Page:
On Tuesday 25th February Marina Warner kept the packed Leonard Wolfson Auditorium captivated by her insights into her work in progress, a work of fiction partly based on her own childhood, and partly the history of her father’s bookshop in Cairo.
Marina’s father was the son of a famous cricketer, Plum, who was well loved in his day. He grew up rich, but became very poor due to unfortunate life circumstances. He fought in North Africa under Monty, whom he adored, and then on to Italy, where he met Marina’s mother. After the war, after being captivated by Cairo, he asked a friend, David Smith, of W.H. Smith, to open a branch of their shop the city in 1948. The shop was then burned down in the riots of 1952, Marina described seeing the ruins as one of her earliest memories.
Marina described writing as a descent into the underworld, the desire to hear voices once again. Books play a part in their own story as both a hymnal and a tombstone, moving the past into the permanent present. Fiction implies invented and imagined things, a narrated story becomes something deposited for those who come later.
The starting point for Marina’s work was an inventory found in her parent’s personal papers that listed the items to be shipped from London to Cairo in 1948. Selected objects form the basis of the various parts of the novel. The objects are charged with a living voice, speaking the life of things became the organising principle. What was interesting is that the inventory contained nothing of her mother’s she brought nothing with her, except a list of recipes she learnt; English vocabulary and a school textbook on Europe from 1941.
She read a particularly captivating extract from her novel, describing the first meeting between her mother and in-laws, it painted a very vivid picture of an interaction that many can identify with. It highlighted the ‘Englishness’ of her grandparents and the very different lifestyle that her mother found herself in having moved from a working class Italian family.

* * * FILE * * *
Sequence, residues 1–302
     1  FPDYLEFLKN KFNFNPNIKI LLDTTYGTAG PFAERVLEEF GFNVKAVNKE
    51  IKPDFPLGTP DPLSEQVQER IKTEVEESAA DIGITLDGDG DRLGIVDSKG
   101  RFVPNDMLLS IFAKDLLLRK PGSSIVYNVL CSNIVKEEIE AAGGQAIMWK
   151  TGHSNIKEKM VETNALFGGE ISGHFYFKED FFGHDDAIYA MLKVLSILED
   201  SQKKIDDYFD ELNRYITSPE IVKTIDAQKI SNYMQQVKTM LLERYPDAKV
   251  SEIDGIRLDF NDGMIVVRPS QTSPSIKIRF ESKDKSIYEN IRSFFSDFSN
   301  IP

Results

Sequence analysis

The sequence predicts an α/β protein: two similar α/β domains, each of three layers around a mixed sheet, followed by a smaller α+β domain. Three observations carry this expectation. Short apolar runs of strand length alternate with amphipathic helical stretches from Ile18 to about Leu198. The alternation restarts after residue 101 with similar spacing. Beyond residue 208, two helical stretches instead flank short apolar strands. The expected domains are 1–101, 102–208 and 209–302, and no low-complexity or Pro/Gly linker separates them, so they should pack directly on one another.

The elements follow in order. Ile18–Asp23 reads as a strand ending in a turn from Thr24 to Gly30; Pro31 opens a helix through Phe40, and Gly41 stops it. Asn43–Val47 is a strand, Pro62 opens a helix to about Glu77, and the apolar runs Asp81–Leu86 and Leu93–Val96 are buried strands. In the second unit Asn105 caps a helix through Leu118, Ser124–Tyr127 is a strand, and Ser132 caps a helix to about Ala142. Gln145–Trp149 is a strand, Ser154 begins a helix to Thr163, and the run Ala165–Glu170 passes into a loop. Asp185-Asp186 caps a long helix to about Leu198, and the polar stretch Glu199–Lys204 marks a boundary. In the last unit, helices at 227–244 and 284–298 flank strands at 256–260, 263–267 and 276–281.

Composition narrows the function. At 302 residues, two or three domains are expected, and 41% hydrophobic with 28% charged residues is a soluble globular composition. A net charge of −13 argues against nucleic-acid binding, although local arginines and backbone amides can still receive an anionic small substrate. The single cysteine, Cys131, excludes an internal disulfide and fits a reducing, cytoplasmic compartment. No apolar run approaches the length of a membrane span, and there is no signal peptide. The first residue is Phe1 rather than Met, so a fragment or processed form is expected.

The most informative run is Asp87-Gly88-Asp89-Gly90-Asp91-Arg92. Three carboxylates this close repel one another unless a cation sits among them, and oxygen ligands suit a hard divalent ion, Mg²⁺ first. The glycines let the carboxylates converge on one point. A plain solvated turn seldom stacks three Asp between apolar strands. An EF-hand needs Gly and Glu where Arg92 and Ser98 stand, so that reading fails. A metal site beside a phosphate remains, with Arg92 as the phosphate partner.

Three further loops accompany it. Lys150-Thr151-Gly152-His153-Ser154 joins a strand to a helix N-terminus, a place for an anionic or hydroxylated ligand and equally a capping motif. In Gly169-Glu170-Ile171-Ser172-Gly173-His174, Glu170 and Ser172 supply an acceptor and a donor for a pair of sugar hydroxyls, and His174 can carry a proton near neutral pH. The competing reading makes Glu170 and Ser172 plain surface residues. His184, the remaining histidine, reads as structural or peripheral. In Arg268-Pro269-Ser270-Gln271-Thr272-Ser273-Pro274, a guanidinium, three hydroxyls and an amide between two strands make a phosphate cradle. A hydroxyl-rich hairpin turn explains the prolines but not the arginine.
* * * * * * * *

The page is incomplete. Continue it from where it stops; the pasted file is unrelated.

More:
Marina talked about how her Catholic education imprinted on her and has led her to often go against the nuns who taught her. The Bible is the work of four life-writers, who all had to agree with each other. Marina’s own work has never accepted one version of a story, that there is only one ending. The Rosary, going through the scenes from Mary’s life, showed that it was possible for life to be dictated by that of another, while the Station of the Cross shows the importance of objects.
The discussion raised some interesting points about the way in which Marina approached writing a fictional novel based on reality, in particular the lives of her own family. The decision to move away from strict life-writing, meant that she was able to make mistakes and invent, which is not possible with biography. She wanted to be able to invent dialogue and scenes, getting inside the character’s minds as a witness to the story. Marina likened it to being a prompt for a play, allowing characters to speak for themselves, but every now and again she provided the lines.
Marina’s work also now takes on an interesting new dimension given the events in the Arab world that started in 2011. The context of her work has altered by what is happening in the present. It was discussed as to whether Marina would leave her work unchanged, and allow the read to draw their own conclusion, but she has made the decision that the events were so important that they would have to influence her novel.
This was an excellent lecture, and I would encourage everyone who missed out on it to take advantage of the podcast when it becomes available.